I remember the day I got my first whip ever delivered to me.  Oh, I was so incredibly excited to make that first huge BANG!  Actually, I made several huge bangs over the course of my first day.  The louder and harder the better, I say!  That is, until I looked down at my whip before finally going inside and I noticed a few things…

First, the beautiful smooth paracord was rough and really fuzzy from about the halfway point down to the end.  The plaiting just before the fall hitching was gappy and pulling apart.  The fall hitch itself had slipped down almost a full inch and was threatening to fall off the end of the thong completely!  NOOO!

And this is where I learned the difference between use and abuse of a whip.  The advice I give now, applies to any whip from any maker, whether its a $19 Ebay special, or a $1000 leather whip, you need to know some basic things:

  1.  Never, EVER use your whip on gravel, sand, rocks, or pavement of any kind.  Think of it this way, would you run sandpaper over your car’s paint job?  Of course not.  While there is a marked difference in the care of leather versus paracord, neither  will tolerate  harsh ground cover.  Always use your whip on grass, soft snow, or even a smooth gymnasium floor if you are in a pinch to practice.
  2. Don’t crack your whip with all your might.  We all love that big bang.  I admit it.  It’s awesome, but you shorten the life of your whip by leaps and bounds when you do it.  Your whip will make a good, sharp snap when you execute the crack correctly.   If you put every ounce of strength you have into making the loudest bang you can, eventually, (sooner more often than later) you will cause real damage.  While this might not be a big deal with a 20$ cheap rope whip that you plan to throw away after day 1, it will hurt a bit when you decide to invest in a quality functional whip for $100.00 plus.  My advice is, get the big damaging cracks out of your system with a cheap disposable before investing in quality.  Damage caused by abuse is easily spotted by any whipmaker that puts hours and hours into their work and I guarantee, you will never be compensated for abuse.
  3. Don’t leave your whip in extreme conditions.  While I try to formulate my wax to stay pliable in the cold, not all whips do well in extreme temperatures.  0 degrees is 0 degrees and frozen wax will be brittle and cause excessive stress on the binding of your whip.  Often times, it is best to allow your whip to slowly warm up to room temperature if it has been shipped in the cold or stored in the cold, before cracking it.  On the flip side of that token, extreme heat can cause even more issues.  Your whip is essentially plastic.  This is something one should keep in mind at all times.  Don’t set it on the hood of a hot car or lay it on hot asphalt, or have it near a fire.  Since I don’t use heat sensitive adhesives, I’ve never experienced a problem with my own whips in a hot car, but I did have a whip made by someone else who had used hot glue to create the heel knot foundation, which I was unaware, and the hot glue had melted all over the seat, and ruined the whip.  Also, keep in mind the wax will soften in that situation as well and can sometimes soak into the seat of a car.  I would have a towel under your whip, just in case.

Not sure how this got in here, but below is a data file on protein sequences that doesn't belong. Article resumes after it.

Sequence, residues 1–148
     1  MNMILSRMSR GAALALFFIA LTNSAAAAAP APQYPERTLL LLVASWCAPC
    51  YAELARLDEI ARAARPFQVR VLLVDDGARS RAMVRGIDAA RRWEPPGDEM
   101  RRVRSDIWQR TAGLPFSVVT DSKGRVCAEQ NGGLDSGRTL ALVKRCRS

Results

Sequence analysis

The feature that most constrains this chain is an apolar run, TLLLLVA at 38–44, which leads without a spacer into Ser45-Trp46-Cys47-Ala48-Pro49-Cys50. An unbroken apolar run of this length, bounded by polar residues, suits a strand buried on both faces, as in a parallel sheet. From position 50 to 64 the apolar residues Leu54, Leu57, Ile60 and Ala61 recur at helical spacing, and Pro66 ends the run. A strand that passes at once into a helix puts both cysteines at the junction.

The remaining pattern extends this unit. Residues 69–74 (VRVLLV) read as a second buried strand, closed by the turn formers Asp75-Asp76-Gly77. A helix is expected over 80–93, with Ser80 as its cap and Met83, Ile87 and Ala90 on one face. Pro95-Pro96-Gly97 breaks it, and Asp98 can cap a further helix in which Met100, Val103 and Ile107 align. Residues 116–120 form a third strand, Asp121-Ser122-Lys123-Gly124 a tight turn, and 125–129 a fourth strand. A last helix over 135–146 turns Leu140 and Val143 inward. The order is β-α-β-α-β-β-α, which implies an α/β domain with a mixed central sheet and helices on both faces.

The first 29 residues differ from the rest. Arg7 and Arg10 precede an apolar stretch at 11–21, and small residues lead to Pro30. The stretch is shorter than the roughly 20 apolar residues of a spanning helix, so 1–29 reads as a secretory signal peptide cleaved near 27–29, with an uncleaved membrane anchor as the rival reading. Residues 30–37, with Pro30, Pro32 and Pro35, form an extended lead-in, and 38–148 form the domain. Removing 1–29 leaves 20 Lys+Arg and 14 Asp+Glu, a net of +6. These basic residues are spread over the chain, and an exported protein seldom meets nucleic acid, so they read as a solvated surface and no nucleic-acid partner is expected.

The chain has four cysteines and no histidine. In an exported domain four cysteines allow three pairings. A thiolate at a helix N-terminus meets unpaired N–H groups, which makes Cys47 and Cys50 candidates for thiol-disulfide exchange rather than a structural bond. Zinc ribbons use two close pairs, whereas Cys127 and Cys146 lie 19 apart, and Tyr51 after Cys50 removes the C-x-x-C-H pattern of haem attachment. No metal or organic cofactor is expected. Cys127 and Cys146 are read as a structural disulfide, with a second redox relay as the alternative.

4. Don’t hang from trees or swing from your whip.  First of all, most whip makers don’t endorse trying to hang from their whip like Indiana Jones.  Yes, a lot of paracord is rated for adult weight bearing.  You might even pull off swinging once or twice, but I will not warrantee a whip of mine that has been damaged from swinging or hanging.  It’s simply not good for the whip overall and, the customer could very easily get hurt.  Please.  Don’t do it.
  5. Hitting things.  I need to elaborate and get a bit specific here because this is important.  I wholeheartedly endorse target work, as it is specifically what I weight and balance my whips for, but falls and crackers are cheap and easy to change.  There are falls and crackers specifically designed for cutting pop cans and the like.  No problem!  Thongs, however, are not made to hit with.  When you hit things like trees and rocks with the body of your whip, you are causing damage to your whip.